A bold daylight robbery on Christmas Day was reported in Bainbridge, with the victim of the law-breaking burglarizing bandit telling the paper that after returning from Christmas dinner at a friend’s house, she found the front door pried open, her house ransacked and $23.00 missing.

In news from North Union, Jack Butler and wife, Mary Gall and her son Thurman, Carl and Bellamy Williams, and Frank and Arch Kelley were among those who were shopping in Hillsboro Saturday afternoon.

This week in 1945, The Hillsboro Press-Gazette reported that, with the end of the war, tire rationing was ending on Jan. 1, and Hanselman Tire and Retread Co. on W. Main St. had the newest U.S. Royals for your car.

Dick Starbuck was named to the staff of the Hillsboro Bank & Savings Co. The war veteran had served 45 months of active sea duty and was a 1941 Purdue University graduate.

The 26 employees of the G.S. Dunnick Co. in Hillsboro enjoyed a company Christmas dinner at Penn’s Restaurant that consisted of a three-course turkey dinner, but the surprise of the evening was the company-provided Christmas bonus: membership of all the employees into the new Blue Cross hospital insurance program.

Preparations were being made by area merchants to welcome the first baby born in 1946, with the only stipulation being that the tyke had to live in the Hillsboro trading area, and the attending physician had to confirm the date, hour and minute the child was born.

At the Colony Theatre, “the screen throbs with drama, romance and intrigue!” or so the advertisement said. “Weekend at the Waldorf” was showing, starring Ginger Rogers, Lana Turner, Walter Pidgeon and Van Johnson, with a special appearance by Xavier Cugat and his orchestra.

At Steen’s IGA, DeLuxe coffee was only 33 cents a pound, Red Lily bleach was 15 cents a quart, Dawn toilet tissue, the four-roll package was just a quarter and golden crème-corn was only 15 cents a can.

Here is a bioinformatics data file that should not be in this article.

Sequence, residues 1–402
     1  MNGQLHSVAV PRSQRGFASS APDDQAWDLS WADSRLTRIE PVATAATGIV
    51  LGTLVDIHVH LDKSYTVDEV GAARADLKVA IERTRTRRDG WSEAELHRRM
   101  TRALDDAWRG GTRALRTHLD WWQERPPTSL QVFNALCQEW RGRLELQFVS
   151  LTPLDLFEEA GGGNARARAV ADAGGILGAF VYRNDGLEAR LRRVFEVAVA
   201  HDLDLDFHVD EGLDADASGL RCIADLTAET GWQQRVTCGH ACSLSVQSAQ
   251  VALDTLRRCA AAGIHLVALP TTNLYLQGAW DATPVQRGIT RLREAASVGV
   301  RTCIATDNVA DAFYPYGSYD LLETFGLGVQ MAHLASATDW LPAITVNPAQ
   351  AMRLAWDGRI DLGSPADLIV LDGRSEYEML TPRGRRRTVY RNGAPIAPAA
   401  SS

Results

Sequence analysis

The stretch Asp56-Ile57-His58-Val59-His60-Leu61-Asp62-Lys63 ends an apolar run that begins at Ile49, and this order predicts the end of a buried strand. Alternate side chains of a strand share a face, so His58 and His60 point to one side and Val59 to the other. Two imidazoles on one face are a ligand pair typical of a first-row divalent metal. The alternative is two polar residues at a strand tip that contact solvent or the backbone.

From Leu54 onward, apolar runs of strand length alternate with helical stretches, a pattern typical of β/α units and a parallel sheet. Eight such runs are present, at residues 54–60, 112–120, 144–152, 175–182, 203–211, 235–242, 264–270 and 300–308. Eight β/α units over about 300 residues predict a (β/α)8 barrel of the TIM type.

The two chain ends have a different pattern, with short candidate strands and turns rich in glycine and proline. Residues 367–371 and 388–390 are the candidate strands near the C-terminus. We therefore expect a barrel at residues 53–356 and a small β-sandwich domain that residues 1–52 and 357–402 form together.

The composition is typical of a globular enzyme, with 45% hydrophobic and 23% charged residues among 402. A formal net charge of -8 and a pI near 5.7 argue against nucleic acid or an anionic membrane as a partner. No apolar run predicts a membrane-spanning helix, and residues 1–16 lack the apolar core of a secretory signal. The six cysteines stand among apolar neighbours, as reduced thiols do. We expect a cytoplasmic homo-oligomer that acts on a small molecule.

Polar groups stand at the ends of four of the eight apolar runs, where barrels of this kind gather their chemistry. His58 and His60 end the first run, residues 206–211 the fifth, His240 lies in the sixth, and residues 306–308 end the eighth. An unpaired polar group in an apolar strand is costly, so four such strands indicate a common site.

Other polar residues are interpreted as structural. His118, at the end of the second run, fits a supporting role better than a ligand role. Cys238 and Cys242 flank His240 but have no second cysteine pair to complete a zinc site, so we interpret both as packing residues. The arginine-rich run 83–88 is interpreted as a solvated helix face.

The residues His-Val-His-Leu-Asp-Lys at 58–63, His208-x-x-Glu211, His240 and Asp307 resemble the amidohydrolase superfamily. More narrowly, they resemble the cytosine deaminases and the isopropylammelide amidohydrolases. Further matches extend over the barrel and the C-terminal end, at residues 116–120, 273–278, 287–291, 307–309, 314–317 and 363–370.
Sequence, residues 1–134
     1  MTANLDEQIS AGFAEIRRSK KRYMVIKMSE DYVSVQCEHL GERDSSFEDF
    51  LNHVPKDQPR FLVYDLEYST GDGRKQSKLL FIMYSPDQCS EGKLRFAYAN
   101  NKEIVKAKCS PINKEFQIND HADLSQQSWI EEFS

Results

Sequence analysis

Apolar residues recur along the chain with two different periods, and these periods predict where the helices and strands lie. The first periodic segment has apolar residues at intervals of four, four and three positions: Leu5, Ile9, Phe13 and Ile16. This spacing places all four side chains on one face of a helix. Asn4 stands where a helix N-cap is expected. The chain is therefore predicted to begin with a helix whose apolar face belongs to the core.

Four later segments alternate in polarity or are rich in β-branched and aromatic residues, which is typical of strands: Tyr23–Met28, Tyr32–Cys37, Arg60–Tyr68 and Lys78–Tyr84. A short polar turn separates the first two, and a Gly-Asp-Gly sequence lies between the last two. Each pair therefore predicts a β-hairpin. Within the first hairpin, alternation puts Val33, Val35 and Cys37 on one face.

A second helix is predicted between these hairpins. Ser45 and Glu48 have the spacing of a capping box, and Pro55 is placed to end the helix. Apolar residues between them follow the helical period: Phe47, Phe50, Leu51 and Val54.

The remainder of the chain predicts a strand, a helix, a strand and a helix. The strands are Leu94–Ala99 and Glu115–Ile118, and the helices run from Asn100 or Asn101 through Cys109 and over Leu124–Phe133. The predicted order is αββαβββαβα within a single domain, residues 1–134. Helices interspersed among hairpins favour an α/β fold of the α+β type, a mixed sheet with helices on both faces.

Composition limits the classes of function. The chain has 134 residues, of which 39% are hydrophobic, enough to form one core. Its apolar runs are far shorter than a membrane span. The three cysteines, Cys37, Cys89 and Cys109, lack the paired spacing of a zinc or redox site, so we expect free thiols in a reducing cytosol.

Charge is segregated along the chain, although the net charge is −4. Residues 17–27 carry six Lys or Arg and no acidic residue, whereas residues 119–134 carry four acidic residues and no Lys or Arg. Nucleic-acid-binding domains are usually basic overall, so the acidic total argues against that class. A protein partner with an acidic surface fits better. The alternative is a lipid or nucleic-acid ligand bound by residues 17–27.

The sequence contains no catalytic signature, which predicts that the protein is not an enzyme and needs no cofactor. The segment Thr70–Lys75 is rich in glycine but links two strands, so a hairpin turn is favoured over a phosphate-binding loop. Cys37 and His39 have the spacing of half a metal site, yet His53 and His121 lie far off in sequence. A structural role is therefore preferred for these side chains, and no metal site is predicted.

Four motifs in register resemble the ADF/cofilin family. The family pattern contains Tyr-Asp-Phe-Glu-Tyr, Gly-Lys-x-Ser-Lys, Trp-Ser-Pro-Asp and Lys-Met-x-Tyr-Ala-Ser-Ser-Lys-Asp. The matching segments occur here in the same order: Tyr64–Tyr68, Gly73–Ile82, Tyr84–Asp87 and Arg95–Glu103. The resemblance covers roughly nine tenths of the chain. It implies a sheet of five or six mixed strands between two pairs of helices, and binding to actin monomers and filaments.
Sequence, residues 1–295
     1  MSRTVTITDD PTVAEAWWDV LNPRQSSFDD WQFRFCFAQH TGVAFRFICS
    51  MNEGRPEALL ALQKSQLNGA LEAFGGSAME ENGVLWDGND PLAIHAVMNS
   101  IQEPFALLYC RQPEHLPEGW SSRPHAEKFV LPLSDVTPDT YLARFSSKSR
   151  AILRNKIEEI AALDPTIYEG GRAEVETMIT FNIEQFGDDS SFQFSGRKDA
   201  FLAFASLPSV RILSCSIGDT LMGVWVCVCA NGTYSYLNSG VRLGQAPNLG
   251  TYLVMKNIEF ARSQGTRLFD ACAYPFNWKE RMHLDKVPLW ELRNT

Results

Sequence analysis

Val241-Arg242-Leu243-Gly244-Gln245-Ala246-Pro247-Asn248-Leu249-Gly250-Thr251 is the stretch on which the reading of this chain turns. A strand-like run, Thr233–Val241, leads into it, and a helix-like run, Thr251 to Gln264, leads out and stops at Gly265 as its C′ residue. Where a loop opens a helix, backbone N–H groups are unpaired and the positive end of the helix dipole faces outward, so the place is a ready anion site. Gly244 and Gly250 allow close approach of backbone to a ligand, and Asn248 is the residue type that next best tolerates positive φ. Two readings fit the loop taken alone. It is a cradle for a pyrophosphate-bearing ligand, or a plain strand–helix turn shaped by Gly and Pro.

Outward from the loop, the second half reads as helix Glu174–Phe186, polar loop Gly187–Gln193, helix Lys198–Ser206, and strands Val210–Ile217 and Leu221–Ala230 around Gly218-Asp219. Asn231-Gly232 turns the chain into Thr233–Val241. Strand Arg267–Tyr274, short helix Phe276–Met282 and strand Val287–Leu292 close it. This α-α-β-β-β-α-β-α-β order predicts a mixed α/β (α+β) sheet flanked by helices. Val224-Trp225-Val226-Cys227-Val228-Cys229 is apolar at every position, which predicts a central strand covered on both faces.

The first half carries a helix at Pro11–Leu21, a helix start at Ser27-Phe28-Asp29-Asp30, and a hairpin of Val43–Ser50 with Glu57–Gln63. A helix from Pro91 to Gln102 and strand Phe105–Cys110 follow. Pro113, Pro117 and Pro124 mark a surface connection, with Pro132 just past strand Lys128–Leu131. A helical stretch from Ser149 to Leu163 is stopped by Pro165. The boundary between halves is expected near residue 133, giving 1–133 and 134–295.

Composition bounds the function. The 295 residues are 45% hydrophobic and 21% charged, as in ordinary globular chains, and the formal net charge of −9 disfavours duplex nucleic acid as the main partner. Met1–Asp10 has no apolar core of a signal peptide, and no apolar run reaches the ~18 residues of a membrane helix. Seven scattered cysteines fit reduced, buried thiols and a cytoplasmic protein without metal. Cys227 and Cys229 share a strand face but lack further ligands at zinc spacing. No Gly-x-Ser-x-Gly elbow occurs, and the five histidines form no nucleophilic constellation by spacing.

Kroger wanted to help you usher in 1946 with a special on Latonia Club ginger ale, four big 24-oz. bottles were only 28 cents.

The C.S. Bell Co. was returning to civilian operations since the government hand grenade contract expired. The company reported the in the coming year they were expecting to increase employment 50 percent, and that they had hired 15 returning war veterans.

This week in 1987, The Hillsboro Press-Gazette’s editor (and current county commissioner) Gary Abernathy made some tongue-in-cheek predictions for 1988, forecasting that Hillsboro City Council would build a new teen activity center, and due to the time it would take to build, consulted with a group of 8- to 10-year-olds. It would be complete with Pee-Wee Herman rock-‘em sock-‘em punching bags, a Barbie Fun House and a G.I. Joe action adventure playland. He also forecasted that a new law would require that dogs picked up by the dog warden be read their Miranda rights, and that indigent dogs be supplied with an attorney at county expense.

Something called the “internet” was allowing tax payers for 1987 to file their ’88 federal income taxes in the Cincinnati IRS district.

The big New Year’s late show was coming up at the Colony Theatre, with Danny DeVito and Billy Crystal in “Throw Momma from the Train,” followed by Patrick Swayze and Jennifer Grey in “Dirty Dancing.”

Another New Year’s Eve Bash was going on at Golden Orbit Skating Center. Door prizes galore and door’s opened at 7 p.m. with admission just $6 to skate into the wee hours of 1988.

In sports, the second half told the tale as the Hillsboro Indians tamed the Fairfield Lions 61-42 in a non-league contest. In the SCOL standings, the Tribe was in second place behind the ‘Canes from Wilmington, with Circleville a distant third.

Reach Tim Colliver at 937-402-2571
A look back at news items through the years

By Tim Colliver

[email protected]